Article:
At the beginning of the 2018-2019 school year, several members of our faculty and staff created a new committee focused on Diversity, Equity, and Inclusion (DEI) in our community. Since then, the DEI committee has led our faculty and staff in workshops, shared readings, and deep discussions as we strive to bring strong anti-racist and anti-bias teaching into the Waldorf curriculum and our school community.
Consultant Randolph Carter of Alma Partners has been working with our DEI committee, as well as our faculty and staff, throughout the summer and fall. Last week, Mr. Carter joined us for a well-attended all-school parent evening on Zoom, which focused on our work in DEI. As part of our discussion that evening, he is leading our community in reading the book Why Are All the Black Kids Sitting Together in the Cafeteria?: And Other Conversations about Race by Beverly Daniel Tatum, and he recommended the story Why All Parents Should Talk With Their Kids About Social Identity from NPR, which discusses how and why to discuss racial, ethnic, class, and gender identity with children. We hope our blog readers will also join us in our group study of these materials!
Among the other things we discussed at last week’s parent evening is how our faculty is examining the Waldorf curriculum, from early childhood through 8th grade, to identify the ways we can incorporate diverse characters, images, and stories into the classroom. Sarah Whitmore, a member of our DEI committee and the lead teacher in the Manzanita early childhood classroom, discussed the various ways she is incorporating diverse characters, images, toys, and stories into her classroom, among other efforts to create a more inclusive environment for young children.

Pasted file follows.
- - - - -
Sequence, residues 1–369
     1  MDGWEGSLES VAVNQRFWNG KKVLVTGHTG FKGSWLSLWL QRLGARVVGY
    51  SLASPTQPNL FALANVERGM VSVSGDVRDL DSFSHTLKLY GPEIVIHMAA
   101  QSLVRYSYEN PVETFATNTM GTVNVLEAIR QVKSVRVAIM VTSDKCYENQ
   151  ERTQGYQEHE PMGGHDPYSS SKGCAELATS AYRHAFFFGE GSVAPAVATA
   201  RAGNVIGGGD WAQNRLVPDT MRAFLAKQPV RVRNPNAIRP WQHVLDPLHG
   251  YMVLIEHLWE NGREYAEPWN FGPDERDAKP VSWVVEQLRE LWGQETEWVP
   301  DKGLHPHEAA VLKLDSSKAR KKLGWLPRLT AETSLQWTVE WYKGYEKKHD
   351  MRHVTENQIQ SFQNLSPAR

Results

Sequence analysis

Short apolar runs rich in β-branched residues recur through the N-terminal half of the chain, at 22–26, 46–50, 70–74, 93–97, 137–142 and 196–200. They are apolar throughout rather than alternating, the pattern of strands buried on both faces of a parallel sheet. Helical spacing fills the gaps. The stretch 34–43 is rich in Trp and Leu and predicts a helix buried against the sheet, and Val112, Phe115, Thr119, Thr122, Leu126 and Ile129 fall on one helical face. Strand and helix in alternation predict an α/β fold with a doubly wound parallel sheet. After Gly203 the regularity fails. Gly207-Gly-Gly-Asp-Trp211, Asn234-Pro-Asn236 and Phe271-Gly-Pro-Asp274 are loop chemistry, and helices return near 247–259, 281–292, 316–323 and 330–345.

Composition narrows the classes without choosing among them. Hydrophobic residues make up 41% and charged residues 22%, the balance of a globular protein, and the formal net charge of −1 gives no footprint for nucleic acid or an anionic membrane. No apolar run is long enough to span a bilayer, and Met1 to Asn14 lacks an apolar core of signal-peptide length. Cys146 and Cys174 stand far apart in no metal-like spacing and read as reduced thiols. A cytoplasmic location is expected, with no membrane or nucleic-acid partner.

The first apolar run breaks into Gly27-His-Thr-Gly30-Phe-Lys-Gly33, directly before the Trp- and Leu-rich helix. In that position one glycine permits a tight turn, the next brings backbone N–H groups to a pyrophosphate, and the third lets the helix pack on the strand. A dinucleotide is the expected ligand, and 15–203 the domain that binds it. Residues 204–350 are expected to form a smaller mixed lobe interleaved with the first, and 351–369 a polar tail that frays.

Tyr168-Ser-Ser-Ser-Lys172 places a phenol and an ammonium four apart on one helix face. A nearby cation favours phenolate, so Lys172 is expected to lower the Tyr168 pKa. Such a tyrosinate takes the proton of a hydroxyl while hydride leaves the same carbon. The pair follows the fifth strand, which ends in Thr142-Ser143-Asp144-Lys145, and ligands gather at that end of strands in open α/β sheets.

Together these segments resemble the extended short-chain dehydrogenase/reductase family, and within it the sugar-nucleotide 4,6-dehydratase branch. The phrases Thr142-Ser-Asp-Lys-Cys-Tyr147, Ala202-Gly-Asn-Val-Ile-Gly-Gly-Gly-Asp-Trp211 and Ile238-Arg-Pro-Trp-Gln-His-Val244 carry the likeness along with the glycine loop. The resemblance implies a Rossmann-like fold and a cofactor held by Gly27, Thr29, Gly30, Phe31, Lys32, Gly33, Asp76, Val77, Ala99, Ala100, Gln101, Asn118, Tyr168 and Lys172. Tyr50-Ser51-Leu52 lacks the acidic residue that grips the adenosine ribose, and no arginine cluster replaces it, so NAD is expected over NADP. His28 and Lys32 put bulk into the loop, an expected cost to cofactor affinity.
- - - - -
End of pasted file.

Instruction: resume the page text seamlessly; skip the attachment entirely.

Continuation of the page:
We also heard from 8th Grade class teacher Kristine Deason, who discussed the way the Waldorf curriculum connects children in the upper grades with the greater world, teaching them to view history as well as current events with a critical mind and from different perspectives.
On November 14, 1960, our faculty remembered Ruby Bridges, who at just 6 years old became the first African American student to integrate the all-white William Frantz Elementary School, in New Orleans, Louisiana. Every day that year, federal marshals accompanied Ruby to school. Our music teacher shared the song “Ruby Shoe’s” by Lori McKenna (see her beautiful rendition in the video here).
Some of our teachers incorporated Ruby Bridges’s story into their classwork this week. In 3rd grade, Ms. Martin asked students to share words on the chalkboard that describe her.